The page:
Searching for a way to guide a confused market on measuring the value of illiquid liabilities, the Financial Accounting Standards Board wrestled last week yet again with how exit prices should be used to determine the fair value of liabilities.
FASB met last week to hammer out revisions to its proposed guidance in FASB Staff Position No. 157-c, Measuring Liabilities under FASB Statement No. 157. FAS 157 is the new standard on fair-value measurement that says companies should mainly rely on market activity, not their own transactions, to determine the fair value of assets and liabilities where it is required throughout U.S. Generally Accepted Accounting Principles.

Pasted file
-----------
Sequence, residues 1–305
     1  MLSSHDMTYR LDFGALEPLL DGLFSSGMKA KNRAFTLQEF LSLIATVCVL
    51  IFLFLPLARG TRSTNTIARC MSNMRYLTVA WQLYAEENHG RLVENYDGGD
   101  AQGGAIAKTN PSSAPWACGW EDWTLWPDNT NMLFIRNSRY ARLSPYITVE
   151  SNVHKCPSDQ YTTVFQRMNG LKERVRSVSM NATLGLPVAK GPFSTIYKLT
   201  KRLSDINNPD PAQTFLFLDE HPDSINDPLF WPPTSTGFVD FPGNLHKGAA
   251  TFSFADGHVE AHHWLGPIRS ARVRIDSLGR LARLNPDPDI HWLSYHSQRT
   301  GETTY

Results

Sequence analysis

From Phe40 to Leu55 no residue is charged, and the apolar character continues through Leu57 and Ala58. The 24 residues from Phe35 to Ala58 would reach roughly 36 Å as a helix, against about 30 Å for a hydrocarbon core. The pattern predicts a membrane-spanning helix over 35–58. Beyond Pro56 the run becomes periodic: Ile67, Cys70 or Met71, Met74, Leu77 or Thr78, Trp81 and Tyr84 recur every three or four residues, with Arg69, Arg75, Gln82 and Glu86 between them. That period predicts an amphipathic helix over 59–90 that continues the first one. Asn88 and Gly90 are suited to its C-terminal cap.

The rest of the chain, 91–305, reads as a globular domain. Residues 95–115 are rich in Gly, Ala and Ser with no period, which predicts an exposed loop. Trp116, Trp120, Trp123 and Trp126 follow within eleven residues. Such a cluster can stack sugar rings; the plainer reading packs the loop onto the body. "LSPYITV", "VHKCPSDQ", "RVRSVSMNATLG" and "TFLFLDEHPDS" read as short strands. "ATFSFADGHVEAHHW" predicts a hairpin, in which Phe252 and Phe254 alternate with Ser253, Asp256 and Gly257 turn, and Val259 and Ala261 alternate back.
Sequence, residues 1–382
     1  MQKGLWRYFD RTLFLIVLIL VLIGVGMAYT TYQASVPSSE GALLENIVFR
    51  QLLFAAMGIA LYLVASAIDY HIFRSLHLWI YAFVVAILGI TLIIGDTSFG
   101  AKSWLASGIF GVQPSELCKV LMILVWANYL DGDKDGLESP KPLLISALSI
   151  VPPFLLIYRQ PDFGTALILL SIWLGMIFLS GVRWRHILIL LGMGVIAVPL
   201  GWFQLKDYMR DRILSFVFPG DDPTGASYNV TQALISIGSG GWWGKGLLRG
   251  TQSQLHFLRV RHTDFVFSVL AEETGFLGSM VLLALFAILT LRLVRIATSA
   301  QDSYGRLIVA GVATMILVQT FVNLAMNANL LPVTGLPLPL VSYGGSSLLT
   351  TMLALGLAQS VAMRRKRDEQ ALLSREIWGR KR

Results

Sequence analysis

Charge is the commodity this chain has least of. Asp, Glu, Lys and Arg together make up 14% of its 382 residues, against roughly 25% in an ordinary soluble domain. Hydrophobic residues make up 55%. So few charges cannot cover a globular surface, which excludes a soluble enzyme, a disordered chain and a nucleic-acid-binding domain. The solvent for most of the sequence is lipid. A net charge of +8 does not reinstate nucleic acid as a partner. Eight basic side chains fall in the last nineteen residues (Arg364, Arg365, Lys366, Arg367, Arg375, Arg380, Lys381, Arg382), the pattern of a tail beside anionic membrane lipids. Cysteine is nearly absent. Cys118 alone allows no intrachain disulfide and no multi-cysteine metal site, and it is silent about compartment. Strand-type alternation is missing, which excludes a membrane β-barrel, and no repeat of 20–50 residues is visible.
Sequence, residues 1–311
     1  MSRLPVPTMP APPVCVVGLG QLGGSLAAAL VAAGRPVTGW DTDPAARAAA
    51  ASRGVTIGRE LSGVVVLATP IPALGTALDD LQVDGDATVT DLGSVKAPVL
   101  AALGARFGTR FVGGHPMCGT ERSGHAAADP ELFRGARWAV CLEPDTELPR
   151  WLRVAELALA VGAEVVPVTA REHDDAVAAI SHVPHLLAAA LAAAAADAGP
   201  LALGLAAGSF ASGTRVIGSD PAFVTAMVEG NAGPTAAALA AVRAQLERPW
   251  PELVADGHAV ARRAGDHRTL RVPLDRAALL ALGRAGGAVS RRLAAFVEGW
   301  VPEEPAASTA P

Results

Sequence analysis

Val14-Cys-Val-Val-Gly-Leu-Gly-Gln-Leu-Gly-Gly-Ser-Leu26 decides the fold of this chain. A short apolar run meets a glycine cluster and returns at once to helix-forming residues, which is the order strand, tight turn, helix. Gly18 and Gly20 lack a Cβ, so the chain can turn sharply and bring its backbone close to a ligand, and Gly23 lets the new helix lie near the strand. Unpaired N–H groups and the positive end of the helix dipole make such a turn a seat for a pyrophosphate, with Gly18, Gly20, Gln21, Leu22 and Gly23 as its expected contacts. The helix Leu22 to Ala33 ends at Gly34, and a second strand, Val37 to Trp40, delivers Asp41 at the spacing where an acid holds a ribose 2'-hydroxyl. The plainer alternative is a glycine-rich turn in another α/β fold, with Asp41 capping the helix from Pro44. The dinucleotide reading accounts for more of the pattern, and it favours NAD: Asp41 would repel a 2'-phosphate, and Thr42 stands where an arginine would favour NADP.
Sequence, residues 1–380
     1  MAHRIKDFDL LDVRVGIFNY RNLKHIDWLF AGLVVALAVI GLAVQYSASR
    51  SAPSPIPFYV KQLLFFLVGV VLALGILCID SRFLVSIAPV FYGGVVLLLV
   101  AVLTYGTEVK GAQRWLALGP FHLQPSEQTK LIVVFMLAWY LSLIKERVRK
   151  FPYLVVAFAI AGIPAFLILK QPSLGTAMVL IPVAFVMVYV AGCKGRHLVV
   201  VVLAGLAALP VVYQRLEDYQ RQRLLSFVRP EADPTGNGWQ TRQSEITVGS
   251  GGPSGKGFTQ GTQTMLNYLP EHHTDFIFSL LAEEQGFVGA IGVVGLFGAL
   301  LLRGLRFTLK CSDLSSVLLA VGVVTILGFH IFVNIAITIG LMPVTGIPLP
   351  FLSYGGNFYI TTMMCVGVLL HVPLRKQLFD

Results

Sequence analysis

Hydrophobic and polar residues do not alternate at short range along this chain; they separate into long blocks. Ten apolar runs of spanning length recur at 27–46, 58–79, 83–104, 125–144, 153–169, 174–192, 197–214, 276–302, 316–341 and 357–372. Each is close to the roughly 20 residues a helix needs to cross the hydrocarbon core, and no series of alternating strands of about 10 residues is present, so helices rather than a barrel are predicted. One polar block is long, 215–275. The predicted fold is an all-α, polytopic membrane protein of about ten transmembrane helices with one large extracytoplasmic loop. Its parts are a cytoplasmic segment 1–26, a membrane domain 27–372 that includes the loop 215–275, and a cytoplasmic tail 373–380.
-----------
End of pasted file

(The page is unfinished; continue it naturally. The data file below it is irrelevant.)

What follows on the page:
Applying FAS 157 is difficult partly because of unprecedented, ongoing turmoil in credit markets, where debt trading has come to a virtual halt. That leaves companies with precious little market activity to use as a benchmark in the valuation process. It’s... To get the full story, subscribe now.
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